Locus Focus: Take Forty!
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I just remembered that we don't have a theme for March.
What do you all think of war- and battle-related settings? I got the idea because next month is when I've planned my big J.R.R. Tolkien reread and scheduled a certain non-fiction book about the bombing of Manila during WWII.
But as always, I'm open to suggestions from other Locus Focus participants, so please let me know what you think! =)
Kiss of the Highlander
by Karen Marie Moning
. . . It had taken [Gwen] only a few days to figure out that she never should have embarked upon this ridiculous quest.
But back home in Santa Fe, New Mexico, as she'd peered out the window of her cubicle at the Allstate Insurance Company, arguing with yet another injured insured who'd managed to amass an outstanding $9,827 worth of chiropractic bills from an accident that caused a mere $127 of damage to his rear bumper, the idea of being in Scotland--or anywhere else, for that matter--had been irresistible.
So she'd let a travel agent convince her that a fourteen-day tour through the romantic Highlands and Lowlands of Scotland was just what she needed, at the bargain price of $999 . . .
When it comes to settings, Karen Marie Moning isn't very believable. There was no point in the entire novel when I believed her story was taking place in Scotland--whether the Scotland of our own time or of the sixteenth century. Yet although Moning can't deliver an authentic sense of place, she still expertly sets the stage for romance.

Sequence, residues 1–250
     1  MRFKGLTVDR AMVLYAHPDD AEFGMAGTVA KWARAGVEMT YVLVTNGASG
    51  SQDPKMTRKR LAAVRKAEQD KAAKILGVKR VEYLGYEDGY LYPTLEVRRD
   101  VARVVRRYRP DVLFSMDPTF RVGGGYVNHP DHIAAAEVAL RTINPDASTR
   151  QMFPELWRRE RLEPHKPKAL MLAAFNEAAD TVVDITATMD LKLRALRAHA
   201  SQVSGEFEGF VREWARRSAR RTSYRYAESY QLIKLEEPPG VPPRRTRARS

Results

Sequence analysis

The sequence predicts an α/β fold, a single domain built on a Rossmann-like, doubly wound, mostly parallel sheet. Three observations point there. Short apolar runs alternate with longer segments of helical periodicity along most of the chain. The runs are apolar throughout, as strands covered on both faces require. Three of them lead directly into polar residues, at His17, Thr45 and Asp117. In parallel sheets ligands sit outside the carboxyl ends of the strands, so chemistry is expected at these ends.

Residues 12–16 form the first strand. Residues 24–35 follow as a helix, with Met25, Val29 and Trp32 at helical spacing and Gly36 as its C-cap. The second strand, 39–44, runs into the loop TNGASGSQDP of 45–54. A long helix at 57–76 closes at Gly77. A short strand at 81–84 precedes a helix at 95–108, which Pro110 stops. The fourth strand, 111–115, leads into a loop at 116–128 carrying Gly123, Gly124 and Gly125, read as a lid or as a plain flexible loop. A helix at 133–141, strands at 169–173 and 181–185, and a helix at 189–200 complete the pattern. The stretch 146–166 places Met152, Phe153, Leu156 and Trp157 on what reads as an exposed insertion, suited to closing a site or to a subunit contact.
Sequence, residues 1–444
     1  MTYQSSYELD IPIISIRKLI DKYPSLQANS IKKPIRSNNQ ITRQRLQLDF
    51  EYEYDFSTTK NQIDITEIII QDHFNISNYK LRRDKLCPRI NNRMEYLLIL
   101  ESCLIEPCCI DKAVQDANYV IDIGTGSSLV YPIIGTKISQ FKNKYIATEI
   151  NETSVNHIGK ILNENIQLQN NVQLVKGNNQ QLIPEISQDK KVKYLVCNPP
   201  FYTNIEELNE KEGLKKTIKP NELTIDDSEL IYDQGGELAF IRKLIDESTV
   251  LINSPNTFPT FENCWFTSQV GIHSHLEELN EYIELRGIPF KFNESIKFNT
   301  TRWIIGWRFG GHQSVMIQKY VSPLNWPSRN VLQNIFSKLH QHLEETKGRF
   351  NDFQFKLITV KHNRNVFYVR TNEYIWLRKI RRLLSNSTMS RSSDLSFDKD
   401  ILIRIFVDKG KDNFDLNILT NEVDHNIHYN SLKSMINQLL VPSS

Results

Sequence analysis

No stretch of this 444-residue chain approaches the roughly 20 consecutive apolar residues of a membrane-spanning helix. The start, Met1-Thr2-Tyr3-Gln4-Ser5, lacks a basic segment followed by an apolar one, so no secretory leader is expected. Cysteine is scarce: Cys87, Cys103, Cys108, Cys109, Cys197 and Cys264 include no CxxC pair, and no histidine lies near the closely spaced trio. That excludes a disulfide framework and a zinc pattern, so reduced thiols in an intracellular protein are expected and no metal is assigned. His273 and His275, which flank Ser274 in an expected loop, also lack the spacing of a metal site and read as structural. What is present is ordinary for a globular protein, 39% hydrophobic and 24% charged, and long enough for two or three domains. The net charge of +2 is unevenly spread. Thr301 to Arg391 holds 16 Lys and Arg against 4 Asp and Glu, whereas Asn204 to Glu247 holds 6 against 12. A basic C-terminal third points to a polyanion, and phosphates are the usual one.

We can all relate to someone who feels stuck in "love limbo," perfectly symbolised by a cubicle workspace in some bureaucratic company's building. And we can understand the intense desire to break out of the funk which inspires the heroine to buy a plane ticket to Scotland. Any exotic location would have done, really, but serendipity--a true accomplice to romance--sets her up for Scotland.
And at first it seems like a huge mistake. The tour package is such a bargain, she discovers, because it's for a senior citizens' bus tour. She is the only young person there, and the only one who doesn't have a significant other. And she feels kind of pathetic.
Which means she's totally ready for her big, hard fall . . .
When the ground gave way beneath her feet, it was so sudden and unexpected that she scarcely had time to gasp before she plunged through the rocky bottom of the crevice. She fell for a terrifying few seconds, then landed with such force that the impact knocked the air out of her lungs.
As she struggled to draw a breath, crushed rock and dirt showered her where she lay . . .
She'd fallen hard and felt bruised from head to toe. Her hands were bleeding from her panicked attempt to catch herself as she'd plunged through the jagged opening, but, blessedly, it didn't appear that she'd broken any bones.
Yes, it's a literal fall--but since she lands on a sleeping man who has been sealed up in that forgotten cave for hundreds of years, she has fallen upon love, if not quite in it yet.
The Scottish background might be no more than what Romance fans call "wallpaper," but the soul-sapping cubicle, the exotic country and the hidden cave have a richer archetypal status. The heroine finds herself in a land where impossible romances can happen and two hearts which should have been separated by the walls of centuries can share a love that lasts forever.
I should totally have written this post last week.
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I can't wait to read what everyone has to say! =D
Image Source: Kiss of the Highlander by Karen Marie Moning